Abstract and Keywords
This article examines the role of dynamic capabilities in strategy. In their early formulation of strategic advantage, Learned, Christensen, Andrews, and Guth spoke of distinctive competences and the resource strengths and weaknesses that determine sustainable competitive advantage. However, this part of their message was obscured for some time as the competitive forces paradigms dominated. The point of taking a capabilities perspective is to examine closely the characteristics of the firm's internal assets, capabilities, and competencies and their impact on strategy and performance. The evidence is becoming clear that these, not market competition, are the determinants of sustained differences in performance levels from one firm to another.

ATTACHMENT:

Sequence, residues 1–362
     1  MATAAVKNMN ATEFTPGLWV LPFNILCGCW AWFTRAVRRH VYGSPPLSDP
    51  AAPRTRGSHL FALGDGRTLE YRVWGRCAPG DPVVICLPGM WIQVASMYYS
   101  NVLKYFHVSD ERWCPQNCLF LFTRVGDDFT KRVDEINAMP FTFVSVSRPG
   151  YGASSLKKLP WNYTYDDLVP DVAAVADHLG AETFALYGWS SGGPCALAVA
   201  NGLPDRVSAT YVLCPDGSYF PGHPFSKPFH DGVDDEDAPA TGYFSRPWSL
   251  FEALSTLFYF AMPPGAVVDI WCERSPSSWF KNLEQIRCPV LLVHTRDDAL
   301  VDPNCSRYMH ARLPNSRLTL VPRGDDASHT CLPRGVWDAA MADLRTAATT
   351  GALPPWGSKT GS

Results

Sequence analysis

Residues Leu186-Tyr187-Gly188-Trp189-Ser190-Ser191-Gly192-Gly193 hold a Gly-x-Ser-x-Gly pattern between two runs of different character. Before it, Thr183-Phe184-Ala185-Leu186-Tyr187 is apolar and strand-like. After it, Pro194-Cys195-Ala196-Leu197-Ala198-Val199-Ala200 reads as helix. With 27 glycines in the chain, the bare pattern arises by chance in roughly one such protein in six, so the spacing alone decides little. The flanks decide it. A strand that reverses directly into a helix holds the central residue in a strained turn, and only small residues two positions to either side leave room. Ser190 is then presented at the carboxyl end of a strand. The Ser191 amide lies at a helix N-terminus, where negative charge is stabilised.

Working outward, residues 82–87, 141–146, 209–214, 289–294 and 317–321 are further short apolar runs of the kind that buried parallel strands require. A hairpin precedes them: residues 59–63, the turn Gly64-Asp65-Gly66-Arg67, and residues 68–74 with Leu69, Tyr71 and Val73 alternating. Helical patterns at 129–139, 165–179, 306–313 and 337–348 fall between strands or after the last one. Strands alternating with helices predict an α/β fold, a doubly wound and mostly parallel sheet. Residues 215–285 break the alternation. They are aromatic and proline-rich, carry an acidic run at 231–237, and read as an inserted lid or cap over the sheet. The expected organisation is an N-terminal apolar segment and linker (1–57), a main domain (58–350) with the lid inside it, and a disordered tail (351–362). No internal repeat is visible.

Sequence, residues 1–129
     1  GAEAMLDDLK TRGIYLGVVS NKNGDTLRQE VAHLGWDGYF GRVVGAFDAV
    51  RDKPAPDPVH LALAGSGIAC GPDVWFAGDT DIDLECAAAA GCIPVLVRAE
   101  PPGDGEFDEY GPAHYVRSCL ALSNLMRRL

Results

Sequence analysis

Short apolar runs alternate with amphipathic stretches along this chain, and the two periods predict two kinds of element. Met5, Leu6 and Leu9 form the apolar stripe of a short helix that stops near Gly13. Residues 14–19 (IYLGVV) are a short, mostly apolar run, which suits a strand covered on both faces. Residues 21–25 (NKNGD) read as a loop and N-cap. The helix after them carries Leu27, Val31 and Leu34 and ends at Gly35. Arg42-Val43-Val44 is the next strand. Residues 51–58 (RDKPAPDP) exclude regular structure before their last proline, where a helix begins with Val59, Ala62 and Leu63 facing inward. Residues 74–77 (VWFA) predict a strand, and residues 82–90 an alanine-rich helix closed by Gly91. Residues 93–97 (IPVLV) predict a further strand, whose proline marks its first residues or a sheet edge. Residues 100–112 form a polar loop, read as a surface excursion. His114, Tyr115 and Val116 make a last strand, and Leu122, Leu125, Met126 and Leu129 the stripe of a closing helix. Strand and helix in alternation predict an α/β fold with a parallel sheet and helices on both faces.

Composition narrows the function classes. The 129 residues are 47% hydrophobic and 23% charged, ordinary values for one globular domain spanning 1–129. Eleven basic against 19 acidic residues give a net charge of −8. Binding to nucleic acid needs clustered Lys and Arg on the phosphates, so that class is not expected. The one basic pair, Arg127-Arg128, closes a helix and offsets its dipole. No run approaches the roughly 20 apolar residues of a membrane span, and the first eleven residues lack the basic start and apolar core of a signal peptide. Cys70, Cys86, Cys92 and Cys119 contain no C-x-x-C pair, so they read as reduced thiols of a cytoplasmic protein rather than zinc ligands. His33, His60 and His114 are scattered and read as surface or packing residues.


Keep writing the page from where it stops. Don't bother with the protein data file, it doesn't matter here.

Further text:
Access to the complete content on Oxford Handbooks Online requires a subscription or purchase. Public users are able to search the site and view the abstracts and keywords for each book and chapter without a subscription.
If you have purchased a print title that contains an access token, please see the token for information about how to register your code.